Ship Sanitation Certification system

In accordance with Article 39 of the International Health Regulations 2005 (IHR), ships travelling in international waters are required to hold a current Ship Sanitation Control Certificate or a ship Sanitation Control Exemption Certificate.

This global system aims to minimise the risk such ships may pose to public or international health.

These certificates must be renewed at least every six months, so ship sanitation control inspections need to be undertaken at six-monthly intervals. Health officers are available to undertake a ship sanitation control inspection if the certificate is due to expire within the next month or before a vessel’s arrival at the next port. 

Ship sanitation certificates

The IHR provides for two types of ship sanitation certificates.

Ship Sanitation Control Exemption Certificates

These are issued when a public health authority has inspected a ship and found no evidence of public health risks on board and the public health authority is satisfied that the ship is free from infection and contamination, including vectors and reservoirs.

Ship Sanitation Control Certificates

These are issued when evidence of a public health risk including sources of infection and/or contamination were detected on board. The control certificate records the evidence found and the control measures.

Arranging ship inspections

Ships or their agents should request inspections for ship sanitation certificates when they provide their New Zealand Advance Notice of Arrival Form. Public health officers will then determine if the visit times are appropriate for a ship sanitation inspection to be conducted at the port of arrival.

Port health officials will confirm survey timings with the ship’s agent or grant an extension if timings are not feasible. Requests for inspections during ‘silent hours’ (at night or at weekends) should be discouraged unless there are compelling reasons.

Given the hazards present at working ports, surveys may be deferred until it is safe to do so (e.g. after cargo has been loaded or unloaded).

Officials have the authority to grant up to a 30-day extension to any vessel as long as its ship sanitation certificate is valid when the extension is granted.

Conducting ship inspections

Health officials conducting inspections will look at general sanitation conditions on board the ship with regards to the public health risks these may pose. Inspections focus on disease vectors such as rodents and arthropods, and conditions associated with high-risk infections.

Inspections will likely include:

  • Liaising with the Ship Master or Executive Officer
  • Checking documentation, including:
    • Ship sanitation certification
    • Maritime Declaration of Health
    • Ship’s logs, medical logs and (for passenger ships) gastrointestinal illness logs
    • Management plans (for example, water bunkering, food safety, pest control, sewage, etc,)
    • Ballast water certificates (Ministry for Primary Industries biosecurity staff validate these)
    • Ship potable water records (chemical and bacteriological testing records and certification of source quality for last loaded bunkered water)
    • Waste disposal records
    • Food source and storage records
    • Sanitation audit log
  • Checking rodent guards are on all mooring lines and correctly orientated
  • Physical inspections of key areas of the vessel, such as:
    • Accommodation areas
    • Galley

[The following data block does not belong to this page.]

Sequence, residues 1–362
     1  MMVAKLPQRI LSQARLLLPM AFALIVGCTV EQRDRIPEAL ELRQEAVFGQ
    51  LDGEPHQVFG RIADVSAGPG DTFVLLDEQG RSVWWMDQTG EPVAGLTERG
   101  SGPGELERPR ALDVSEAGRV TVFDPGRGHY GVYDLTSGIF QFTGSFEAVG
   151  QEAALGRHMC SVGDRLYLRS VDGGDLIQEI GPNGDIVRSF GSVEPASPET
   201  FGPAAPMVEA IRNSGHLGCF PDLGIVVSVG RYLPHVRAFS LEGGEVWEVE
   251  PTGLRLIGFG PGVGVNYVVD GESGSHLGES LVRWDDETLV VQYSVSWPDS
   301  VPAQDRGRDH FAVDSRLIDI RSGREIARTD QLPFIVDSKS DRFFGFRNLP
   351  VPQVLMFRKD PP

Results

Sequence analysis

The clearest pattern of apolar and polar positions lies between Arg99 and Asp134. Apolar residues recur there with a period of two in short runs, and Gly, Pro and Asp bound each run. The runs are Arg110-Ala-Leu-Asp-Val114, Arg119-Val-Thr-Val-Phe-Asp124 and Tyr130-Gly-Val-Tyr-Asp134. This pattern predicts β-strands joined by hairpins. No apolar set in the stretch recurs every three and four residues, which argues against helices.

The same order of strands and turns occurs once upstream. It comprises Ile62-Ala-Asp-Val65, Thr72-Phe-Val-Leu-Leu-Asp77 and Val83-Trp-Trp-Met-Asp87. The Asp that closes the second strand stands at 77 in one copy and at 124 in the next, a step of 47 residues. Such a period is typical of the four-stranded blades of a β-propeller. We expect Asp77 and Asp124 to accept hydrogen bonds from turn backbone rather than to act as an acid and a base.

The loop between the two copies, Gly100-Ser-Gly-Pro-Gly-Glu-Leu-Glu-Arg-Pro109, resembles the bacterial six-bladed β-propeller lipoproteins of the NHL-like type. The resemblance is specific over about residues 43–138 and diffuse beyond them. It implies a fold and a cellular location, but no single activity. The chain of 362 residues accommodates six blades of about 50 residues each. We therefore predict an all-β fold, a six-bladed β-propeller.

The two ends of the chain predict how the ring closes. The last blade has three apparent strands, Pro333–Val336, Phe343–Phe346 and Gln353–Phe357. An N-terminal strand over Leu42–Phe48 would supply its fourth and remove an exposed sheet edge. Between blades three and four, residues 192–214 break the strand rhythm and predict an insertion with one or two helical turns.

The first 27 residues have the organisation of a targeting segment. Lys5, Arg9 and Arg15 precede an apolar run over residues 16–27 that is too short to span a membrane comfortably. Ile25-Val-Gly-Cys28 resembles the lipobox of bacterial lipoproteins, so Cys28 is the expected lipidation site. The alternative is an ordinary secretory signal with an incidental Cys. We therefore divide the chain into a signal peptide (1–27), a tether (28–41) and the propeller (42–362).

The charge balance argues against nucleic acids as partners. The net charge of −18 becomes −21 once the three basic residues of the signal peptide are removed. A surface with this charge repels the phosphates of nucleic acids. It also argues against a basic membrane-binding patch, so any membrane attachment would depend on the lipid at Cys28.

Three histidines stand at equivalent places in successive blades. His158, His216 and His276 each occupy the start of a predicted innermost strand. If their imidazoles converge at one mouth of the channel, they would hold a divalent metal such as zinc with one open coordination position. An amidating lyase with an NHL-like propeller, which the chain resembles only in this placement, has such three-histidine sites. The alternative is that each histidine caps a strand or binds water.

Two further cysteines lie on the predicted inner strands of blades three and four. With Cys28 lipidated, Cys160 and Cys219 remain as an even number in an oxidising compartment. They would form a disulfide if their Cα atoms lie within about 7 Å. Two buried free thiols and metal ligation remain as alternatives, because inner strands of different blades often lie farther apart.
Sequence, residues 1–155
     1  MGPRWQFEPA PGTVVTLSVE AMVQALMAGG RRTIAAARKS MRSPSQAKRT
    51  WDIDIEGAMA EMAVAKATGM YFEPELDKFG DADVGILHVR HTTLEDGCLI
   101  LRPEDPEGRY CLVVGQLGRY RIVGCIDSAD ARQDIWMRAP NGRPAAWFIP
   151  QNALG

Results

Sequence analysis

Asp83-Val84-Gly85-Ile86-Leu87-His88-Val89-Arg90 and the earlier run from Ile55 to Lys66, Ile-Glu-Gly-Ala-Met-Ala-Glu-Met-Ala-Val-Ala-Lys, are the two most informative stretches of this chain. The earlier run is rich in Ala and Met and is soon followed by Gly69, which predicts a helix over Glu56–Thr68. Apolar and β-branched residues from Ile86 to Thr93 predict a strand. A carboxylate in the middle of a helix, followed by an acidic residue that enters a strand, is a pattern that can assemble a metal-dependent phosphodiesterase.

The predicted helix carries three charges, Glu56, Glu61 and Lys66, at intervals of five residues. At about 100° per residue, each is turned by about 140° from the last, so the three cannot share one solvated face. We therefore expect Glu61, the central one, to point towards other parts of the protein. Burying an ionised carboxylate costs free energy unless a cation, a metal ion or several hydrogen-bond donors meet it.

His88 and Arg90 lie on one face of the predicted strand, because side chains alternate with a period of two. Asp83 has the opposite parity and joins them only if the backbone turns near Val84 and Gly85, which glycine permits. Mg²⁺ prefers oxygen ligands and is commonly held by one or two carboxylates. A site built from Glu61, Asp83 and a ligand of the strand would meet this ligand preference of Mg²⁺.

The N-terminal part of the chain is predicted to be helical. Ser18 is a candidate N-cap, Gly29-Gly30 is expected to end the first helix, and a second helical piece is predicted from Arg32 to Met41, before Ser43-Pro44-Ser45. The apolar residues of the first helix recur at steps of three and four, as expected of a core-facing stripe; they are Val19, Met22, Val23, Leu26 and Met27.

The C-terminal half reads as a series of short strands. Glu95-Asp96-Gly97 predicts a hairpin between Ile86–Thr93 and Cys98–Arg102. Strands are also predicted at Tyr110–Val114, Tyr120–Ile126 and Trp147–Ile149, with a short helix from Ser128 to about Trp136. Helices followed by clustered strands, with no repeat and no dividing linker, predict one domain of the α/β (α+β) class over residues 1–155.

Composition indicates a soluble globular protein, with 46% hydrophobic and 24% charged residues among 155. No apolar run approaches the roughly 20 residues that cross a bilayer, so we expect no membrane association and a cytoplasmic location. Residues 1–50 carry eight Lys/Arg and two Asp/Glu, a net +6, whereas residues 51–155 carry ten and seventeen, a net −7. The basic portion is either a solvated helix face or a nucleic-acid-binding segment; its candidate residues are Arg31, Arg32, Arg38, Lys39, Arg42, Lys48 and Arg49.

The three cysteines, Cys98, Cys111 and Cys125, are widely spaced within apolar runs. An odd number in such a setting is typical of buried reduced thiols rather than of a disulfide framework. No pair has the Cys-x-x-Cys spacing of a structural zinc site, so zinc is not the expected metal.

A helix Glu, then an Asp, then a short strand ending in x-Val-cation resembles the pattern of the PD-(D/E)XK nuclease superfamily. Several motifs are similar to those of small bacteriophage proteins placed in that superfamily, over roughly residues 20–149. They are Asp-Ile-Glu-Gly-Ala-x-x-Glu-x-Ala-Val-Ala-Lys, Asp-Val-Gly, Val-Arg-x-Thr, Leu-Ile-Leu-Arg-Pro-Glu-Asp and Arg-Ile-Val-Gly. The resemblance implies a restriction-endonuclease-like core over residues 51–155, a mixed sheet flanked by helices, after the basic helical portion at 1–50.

• Food storage
    • Engine room
    • Holds
    • Medical facilities
    • Water storage tanks/water pipes
    • Waste-water holding tanks/sewer pipes
    • Solid-waste storage and disposal
    • Deck spaces for standing water.

On completing the physical inspection the health protection officer will report to the Ship’s Master or a Senior Officer to discuss the ship’s condition and any remediation requirements or control measures.

Hazards that may affect the crew, and occupational health and safety risks, do not form part of regular ship sanitation certificate inspections. They are the responsibility of the bodies regulating the maritime industry.

Integrated pest management plans 

Integrated pest management (IPM) is an environmentally friendly, common sense approach to controlling pests. It is not a single pest control method, but rather involves integrating multiple control methods based on site information obtained through inspection, monitoring and reports. IPM programmes take advantage of all appropriate pest management strategies, including the judicious use of pesticides. Vessels making international voyages are expected to have a documented IPM Plan.  

An IPM Plan usually includes:

  • Identifying the pests to be controlled 
  • Identifying key preventative practices (eg, removing standing water where mosquitoes can lay eggs, or ensuring appropriate storage of garbage that can attract pests)  
  • Monitoring (eg, inspecting areas that could harbour pests or getting crew to report sightings of pests)
  • Using mechanical controls (eg, traps or screens on doors and windows, etc)
  • Using appropriate pesticides (eg, insect sprays, rat poison, etc)

An IPM on a vessel could work through these components in each different area of the vessel (eg, galley, crew accommodation, holds etc) and assign responsibility and timing for each pest management controls to be applied.

Ports approved for ship sanitation certification

New Zealand ports authorised as being able to issue ship sanitation certificates include:

  • Opua
  • Whangarei
  • Marsden Point
  • Ports of Auckland (including Onehunga)
  • Devonport Naval Base
  • Taharoa
  • Tauranga
  • Port Taranaki
  • Gisborne
  • Napier
  • Ports of Wellington
  • Nelson
  • Picton
  • Lyttelton Port of Christchurch
  • Timaru
  • Port Otago
  • Bluff.

Read a list of the PHUs that can be contacted when a master or shipping agent requests an SSC.

Back to top